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OAKLAND - After the Warriors lost to the Spurs on Friday night, going down 2-1 in their semifinal series, and after Stephen Curry sprained his left ankle and limped off the court, he did what any normal, reasonable young man would do. He phoned his mom.

"She's my voice of reason," he said after the Warriors beat the Spurs 97-87 on Mother's Day, and tied the series at two apiece. "I was trying to vent my frustration. It seems like every time I feel somewhat healthy there's a setback."

What wisdom did Mom impart to her kid?

"It will battle test you," she said.

That meant something like, "Stop complaining and play."

Even Sunday morning, a few hours before the shockingly early 12:30 p.m. tipoff, Curry felt doubt, something he doesn't usually feel. He drove over to the Warriors' facility for early treatment and when he got out of his car, he was sore and he wasn't walking right.

Which means the Warriors' backcourt star barely could walk a few hours before the game.

He got treatment and felt his confidence rise -- not much. During warm-ups, backup point guard Jarrett Jack stole a few looks at Curry and told himself, "There's no way this kid is playing."

An hour before the game, with nothing decided, coach Mark Jackson made his approach to Curry. Jackson must have felt trepidation even though he swears by Jack, who ended up scoring 24 points. But Jack is not Curry and, this we know, the Warriors cannot defeat the San Antonio Spurs with Curry lounging on the bench, his ankle swollen and throbbing.

"How are you feeling?" Jackson asked Curry.

"I'm going to give you what I got, Coach," Curry said.

"That's not the language he speaks," Jackson told himself. He was talking about Curry's words being tentative and conditional.

Jackson knew Curry was not 100 percent and needed to discuss this with general manager Bob Myers, whom he accosted in a hallway.

They stared at each other. They spoke quietly. They said they'd be fine one way or another -- it was a reference to the existence of Jack. And they went from there.

But in the first half, Jackson took Curry out of the game several times, times he never takes Curry out of the game. Jackson even considered sitting Curry down entirely. "But I thought he was giving us enough and he wasn't a problem on the defensive end," Jackson said.

Spurs guard Manu Ginobili had his own doubts about Curry:

"You could see he was not as aggressive, especially at the beginning of the game. He's a player that you may see him playing one leg, one arm, and you got to guard him. You got to respect him. He can really go off at any time. He's that type of player. Kind of was silent for a big part of the game, but then made big plays."

Indeed, Curry ended up with 22 points -- pretty good for a mere mortal, a little skimpy for a child of the hoops gods. In overtime, when the Spurs grew old in plain sight and scored three ridiculous points, Curry just about put away the game with a driving layup on his gimp ankle. He got fouled and made the free throw.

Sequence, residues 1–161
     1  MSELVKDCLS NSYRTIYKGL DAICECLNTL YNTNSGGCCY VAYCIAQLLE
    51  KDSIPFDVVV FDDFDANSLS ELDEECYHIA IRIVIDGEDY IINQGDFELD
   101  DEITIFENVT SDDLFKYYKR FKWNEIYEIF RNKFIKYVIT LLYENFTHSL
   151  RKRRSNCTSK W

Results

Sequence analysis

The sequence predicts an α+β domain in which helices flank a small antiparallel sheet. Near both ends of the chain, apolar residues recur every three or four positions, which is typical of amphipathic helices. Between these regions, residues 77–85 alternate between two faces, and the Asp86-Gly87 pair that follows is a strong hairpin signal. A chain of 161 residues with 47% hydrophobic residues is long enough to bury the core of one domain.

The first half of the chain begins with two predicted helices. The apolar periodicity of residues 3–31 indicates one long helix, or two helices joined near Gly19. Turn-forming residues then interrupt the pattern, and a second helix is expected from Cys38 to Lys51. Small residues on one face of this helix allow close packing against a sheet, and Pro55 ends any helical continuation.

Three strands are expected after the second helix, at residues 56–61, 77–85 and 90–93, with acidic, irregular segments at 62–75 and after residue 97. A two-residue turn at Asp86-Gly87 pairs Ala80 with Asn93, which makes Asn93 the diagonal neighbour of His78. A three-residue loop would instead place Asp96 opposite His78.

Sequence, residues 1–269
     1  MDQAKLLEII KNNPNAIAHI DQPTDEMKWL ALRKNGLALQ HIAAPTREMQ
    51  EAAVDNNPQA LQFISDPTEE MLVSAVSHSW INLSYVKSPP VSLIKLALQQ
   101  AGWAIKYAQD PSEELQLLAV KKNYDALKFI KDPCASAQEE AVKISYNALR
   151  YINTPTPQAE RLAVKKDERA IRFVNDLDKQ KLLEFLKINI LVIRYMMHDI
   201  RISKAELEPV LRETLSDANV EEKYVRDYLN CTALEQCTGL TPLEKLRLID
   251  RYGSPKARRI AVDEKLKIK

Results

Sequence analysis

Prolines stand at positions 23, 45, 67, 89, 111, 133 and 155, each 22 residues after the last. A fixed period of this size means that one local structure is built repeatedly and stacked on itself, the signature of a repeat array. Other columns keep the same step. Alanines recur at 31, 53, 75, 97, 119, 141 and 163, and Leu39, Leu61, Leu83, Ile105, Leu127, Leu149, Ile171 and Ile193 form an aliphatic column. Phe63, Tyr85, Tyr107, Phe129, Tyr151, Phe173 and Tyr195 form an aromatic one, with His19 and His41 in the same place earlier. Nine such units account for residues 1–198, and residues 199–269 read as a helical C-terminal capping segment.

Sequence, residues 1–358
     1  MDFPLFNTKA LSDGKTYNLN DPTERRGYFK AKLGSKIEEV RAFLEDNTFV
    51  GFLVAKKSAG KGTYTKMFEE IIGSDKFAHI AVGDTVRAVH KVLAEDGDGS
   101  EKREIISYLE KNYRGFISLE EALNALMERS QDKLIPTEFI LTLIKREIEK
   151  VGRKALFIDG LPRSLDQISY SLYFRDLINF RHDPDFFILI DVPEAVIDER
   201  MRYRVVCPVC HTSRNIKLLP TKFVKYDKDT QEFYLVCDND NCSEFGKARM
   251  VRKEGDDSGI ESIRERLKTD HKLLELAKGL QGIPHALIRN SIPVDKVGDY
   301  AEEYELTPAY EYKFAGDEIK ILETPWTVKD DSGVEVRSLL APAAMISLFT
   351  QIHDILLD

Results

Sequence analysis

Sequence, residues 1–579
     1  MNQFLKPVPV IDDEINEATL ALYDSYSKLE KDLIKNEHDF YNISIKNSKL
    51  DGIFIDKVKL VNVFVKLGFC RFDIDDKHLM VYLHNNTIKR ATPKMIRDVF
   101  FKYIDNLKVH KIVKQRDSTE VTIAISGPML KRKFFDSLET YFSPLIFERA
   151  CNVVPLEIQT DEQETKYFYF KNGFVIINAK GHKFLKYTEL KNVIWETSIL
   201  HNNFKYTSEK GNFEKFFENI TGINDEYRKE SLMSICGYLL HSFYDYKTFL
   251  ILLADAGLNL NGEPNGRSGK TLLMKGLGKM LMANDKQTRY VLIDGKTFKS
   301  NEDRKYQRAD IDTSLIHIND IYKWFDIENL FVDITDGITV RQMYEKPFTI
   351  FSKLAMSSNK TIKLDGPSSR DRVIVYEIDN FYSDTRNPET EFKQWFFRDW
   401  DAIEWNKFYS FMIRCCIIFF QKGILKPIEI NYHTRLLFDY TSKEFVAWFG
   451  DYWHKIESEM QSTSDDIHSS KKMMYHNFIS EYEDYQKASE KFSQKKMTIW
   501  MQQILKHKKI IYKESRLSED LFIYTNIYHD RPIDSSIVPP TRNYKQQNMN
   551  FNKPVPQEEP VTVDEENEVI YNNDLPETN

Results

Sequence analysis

Before that, he had mostly been stationary, like a mailbox positioned on the court. "I didn't want to start, stop too quick, change direction too quick," Curry said. "Most of the way, I scored off transition, getting a great screen from my bigs and walking into a 3. I didn't really do too much shifting. I was able to still find some open looks."

To compensate for Curry not being Curry, Jackson told Harrison Barnes to shoot the heck out of the ball, and Barnes -- is this guy really a rookie? -- scored 26.

Afterward, Curry sat in front of his locker both feet in a bucket of ice. Call the tableau "Curry on Ice."

Did he have any mobility?

"Honestly, not much," he said.

"I had enough going straight and back and forth, enough to make somewhat of a cut. My vertical -- I'm not a jumper anyway -- but that was where I felt the most pressure, landing and bracing myself after I jumped. I wanted to be somewhat of a threat. I didn't have to dominate the ball or attack the paint every possession. I don't think I ever hit, really, my top speed. Just whatever I could give and not get hurt again. A couple of times in overtime, I drove the paint and I still didn't have my full thrust. Looking back, I probably shouldn't have done it."

So, what do we make of this Warriors' win?

The Warriors may or may not take this thrilling series, the essence of playoff basketball. No one knows who will win. But we know this.

They beat the Spurs in a Spurs' kind of game. It was low-scoring. A low score favors San Antonio's slow, pensive style, and frustrates the Warriors' run-like-your-pants-are-on-fire speed style.

The Warriors won a grind-it-out game, the kind of game that favors the Spurs with their experience -- they've seen everything -- and their extreme poise. Andrew Bogut (18 rebounds) even blocked a Tim Duncan shot. When does that happen?

And the Warriors won with Curry not actually walking. He was ambulating, a more general concept.

When the lively crowd finally left the arena late afternoon, the cars on 880 whizzing by, the sun still shone. If felt like a comment of sorts.

For more on the world of sports in general and the Bay Area in particular, go to the Cohn Zohn at cohn.blogs.pressdemocrat.com. You can reach Staff Columnist Lowell Cohn at lowell.cohn@pressdemocrat.com.

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